To the editor:
I recently stated it is inappropriate to present young children information about anatomy and sexual development in public classrooms. Children are publicly embarrassed by this. We silence children as they develop a tendency to not ask questions when this information is fed to them in public classrooms.
There is a positive solution. Parents frequently are perceived as “not intelligent” by young people, especially during their teenage years, only later to find out that their parents were smarter than they thought when they were younger.
Public schools listened to teenagers, perhaps ignoring parents’ better judgment. It is only later that we’re finding out that parents may have been correct about their children from the start. Parents don’t need public classrooms presenting information about anatomy and sexual development to their young children.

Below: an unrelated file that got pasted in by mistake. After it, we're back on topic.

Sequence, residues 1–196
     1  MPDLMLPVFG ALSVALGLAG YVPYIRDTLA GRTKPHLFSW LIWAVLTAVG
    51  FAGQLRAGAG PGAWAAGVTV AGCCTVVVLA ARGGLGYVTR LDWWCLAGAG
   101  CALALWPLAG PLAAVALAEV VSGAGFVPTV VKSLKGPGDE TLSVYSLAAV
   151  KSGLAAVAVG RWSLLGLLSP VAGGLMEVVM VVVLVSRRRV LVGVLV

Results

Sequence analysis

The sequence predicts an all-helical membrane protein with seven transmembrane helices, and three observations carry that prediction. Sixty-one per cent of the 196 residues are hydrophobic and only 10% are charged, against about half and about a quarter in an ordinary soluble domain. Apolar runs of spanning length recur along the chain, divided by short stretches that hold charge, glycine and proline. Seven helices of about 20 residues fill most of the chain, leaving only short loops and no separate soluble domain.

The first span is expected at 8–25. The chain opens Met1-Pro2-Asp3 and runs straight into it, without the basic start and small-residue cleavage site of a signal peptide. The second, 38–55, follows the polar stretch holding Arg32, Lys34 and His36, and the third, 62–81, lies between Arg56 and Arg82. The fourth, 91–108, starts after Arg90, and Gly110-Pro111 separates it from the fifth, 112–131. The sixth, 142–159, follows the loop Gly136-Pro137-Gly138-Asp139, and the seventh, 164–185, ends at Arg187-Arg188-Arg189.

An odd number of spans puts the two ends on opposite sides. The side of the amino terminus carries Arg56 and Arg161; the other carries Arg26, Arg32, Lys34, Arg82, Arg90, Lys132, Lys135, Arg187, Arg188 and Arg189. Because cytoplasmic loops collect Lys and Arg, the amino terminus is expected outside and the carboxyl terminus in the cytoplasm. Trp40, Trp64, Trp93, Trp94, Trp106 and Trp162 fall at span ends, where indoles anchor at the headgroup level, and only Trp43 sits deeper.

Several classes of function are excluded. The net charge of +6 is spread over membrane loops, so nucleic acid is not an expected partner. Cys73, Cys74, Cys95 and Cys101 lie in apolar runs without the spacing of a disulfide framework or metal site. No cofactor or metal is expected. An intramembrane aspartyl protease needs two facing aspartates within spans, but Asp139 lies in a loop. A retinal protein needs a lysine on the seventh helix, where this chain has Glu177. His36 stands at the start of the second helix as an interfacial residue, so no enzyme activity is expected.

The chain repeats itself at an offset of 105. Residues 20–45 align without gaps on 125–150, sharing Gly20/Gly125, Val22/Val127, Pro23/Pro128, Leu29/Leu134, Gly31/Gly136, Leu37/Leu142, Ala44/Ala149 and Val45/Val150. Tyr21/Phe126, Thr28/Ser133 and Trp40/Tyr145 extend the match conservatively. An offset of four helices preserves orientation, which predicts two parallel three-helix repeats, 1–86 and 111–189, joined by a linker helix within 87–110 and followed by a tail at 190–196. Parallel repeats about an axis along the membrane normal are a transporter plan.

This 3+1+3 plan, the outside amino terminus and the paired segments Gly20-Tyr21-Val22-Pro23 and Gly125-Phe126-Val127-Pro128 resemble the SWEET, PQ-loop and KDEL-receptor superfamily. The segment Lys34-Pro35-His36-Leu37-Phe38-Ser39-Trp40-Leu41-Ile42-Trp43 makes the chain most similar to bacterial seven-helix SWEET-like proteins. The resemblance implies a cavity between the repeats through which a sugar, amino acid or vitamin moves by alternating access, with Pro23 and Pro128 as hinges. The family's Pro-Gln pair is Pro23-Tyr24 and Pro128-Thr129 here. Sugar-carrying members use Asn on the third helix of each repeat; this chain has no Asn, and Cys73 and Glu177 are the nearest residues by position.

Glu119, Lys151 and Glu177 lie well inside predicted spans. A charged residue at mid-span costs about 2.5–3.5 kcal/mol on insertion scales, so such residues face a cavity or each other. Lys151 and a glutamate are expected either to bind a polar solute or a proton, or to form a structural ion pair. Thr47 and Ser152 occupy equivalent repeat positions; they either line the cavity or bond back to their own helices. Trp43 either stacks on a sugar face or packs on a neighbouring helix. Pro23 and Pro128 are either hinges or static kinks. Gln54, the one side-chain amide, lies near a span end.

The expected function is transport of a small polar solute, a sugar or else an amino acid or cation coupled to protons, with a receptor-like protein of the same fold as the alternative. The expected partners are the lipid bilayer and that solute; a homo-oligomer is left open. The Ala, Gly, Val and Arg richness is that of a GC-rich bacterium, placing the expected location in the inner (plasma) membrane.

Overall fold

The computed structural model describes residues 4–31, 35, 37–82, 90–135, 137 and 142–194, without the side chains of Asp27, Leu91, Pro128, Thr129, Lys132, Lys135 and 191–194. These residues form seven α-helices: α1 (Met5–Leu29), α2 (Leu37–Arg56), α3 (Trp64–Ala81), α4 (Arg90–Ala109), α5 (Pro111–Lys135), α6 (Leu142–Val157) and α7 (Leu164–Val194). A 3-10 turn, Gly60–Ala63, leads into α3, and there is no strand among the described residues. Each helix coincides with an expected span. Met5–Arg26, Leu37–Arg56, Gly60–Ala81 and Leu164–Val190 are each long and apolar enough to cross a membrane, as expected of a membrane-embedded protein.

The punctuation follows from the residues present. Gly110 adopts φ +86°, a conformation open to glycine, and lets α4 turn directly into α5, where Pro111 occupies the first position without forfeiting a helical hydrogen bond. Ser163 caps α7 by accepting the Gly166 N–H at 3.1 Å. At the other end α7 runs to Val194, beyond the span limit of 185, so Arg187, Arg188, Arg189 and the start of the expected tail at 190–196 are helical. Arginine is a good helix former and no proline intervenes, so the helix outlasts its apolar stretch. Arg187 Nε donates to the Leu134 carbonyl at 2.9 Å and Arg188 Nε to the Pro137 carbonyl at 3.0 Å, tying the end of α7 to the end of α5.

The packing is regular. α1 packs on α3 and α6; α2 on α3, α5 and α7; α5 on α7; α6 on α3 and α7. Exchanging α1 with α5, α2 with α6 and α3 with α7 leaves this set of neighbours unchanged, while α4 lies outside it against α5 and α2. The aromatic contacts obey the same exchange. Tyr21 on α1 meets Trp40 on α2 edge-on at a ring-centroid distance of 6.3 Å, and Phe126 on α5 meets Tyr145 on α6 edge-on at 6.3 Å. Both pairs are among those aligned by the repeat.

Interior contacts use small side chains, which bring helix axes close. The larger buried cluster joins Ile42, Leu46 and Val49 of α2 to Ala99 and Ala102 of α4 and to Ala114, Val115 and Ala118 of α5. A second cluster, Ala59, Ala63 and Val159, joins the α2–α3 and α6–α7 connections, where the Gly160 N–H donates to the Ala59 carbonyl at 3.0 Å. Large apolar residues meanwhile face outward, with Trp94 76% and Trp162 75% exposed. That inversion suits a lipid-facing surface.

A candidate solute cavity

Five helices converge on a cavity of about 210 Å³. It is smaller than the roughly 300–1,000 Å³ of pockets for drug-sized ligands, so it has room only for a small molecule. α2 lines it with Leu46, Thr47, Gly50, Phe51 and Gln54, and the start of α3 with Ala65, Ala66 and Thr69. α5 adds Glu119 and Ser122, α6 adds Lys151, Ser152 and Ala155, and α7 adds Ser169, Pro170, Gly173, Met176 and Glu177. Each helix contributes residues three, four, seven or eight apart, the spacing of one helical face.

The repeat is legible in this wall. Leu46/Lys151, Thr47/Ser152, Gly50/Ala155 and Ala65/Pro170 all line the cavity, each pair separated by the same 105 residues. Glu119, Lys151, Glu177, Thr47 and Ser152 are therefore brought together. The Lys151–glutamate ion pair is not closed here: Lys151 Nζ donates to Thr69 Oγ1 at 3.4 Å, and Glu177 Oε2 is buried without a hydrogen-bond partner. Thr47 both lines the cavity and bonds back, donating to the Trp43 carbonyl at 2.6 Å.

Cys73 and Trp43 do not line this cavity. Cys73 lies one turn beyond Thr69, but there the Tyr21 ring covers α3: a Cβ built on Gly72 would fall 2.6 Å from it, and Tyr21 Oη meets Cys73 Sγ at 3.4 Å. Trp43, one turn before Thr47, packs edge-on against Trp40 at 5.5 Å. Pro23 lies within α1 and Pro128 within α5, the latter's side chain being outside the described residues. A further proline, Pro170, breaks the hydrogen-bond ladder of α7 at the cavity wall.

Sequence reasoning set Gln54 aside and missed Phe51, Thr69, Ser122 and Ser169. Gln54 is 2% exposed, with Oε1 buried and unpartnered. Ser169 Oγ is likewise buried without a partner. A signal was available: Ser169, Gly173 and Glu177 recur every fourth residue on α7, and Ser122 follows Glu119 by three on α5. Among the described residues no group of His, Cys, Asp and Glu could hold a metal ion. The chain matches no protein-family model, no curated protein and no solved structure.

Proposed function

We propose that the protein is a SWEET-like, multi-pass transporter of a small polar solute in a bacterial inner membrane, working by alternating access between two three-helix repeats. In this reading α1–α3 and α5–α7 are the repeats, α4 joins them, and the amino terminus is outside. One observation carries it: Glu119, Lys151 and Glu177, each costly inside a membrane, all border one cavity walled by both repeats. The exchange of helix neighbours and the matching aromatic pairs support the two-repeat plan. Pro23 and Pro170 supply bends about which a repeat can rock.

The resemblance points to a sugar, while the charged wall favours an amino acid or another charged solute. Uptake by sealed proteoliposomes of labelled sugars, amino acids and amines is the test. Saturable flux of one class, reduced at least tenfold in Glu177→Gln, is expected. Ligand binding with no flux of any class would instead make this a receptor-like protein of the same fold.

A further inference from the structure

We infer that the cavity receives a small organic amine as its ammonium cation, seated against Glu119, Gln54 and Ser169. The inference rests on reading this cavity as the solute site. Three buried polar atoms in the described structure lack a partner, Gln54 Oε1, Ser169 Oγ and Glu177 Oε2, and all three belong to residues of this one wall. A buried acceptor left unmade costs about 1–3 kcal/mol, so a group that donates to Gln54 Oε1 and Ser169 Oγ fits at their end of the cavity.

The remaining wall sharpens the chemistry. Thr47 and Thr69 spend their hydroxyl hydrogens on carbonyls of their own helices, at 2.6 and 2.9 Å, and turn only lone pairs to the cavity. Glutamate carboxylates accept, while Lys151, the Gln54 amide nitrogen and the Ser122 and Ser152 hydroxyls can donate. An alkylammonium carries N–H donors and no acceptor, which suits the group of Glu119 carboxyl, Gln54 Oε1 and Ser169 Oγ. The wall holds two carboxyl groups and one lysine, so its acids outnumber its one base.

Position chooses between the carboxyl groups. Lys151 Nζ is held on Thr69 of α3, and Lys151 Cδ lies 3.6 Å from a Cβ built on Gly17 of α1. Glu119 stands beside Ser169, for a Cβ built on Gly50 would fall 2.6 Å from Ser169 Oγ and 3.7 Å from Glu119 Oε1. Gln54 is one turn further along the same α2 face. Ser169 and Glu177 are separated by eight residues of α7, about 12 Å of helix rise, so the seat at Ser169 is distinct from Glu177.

It seems parents have been perceived as not capable of handling this sensitive information with their children. Schools balked on a golden opportunity to involve parents in their children’s education. Involving parents would be the natural solution.
It has been a lament that parents are not involved in their children’s education. If schools (and now social welfare agencies) were concerned that parents become more involved in the lives of their children, we’ve missed a golden opportunity. Instead of presenting this sensitive information to a classroom of young children, perhaps parents would meet for helpful advice on talking with their children about sexual development.
Next thing you’re going to tell me is that parents would never meet together in a public room to talk about sexual development and such sensitive information.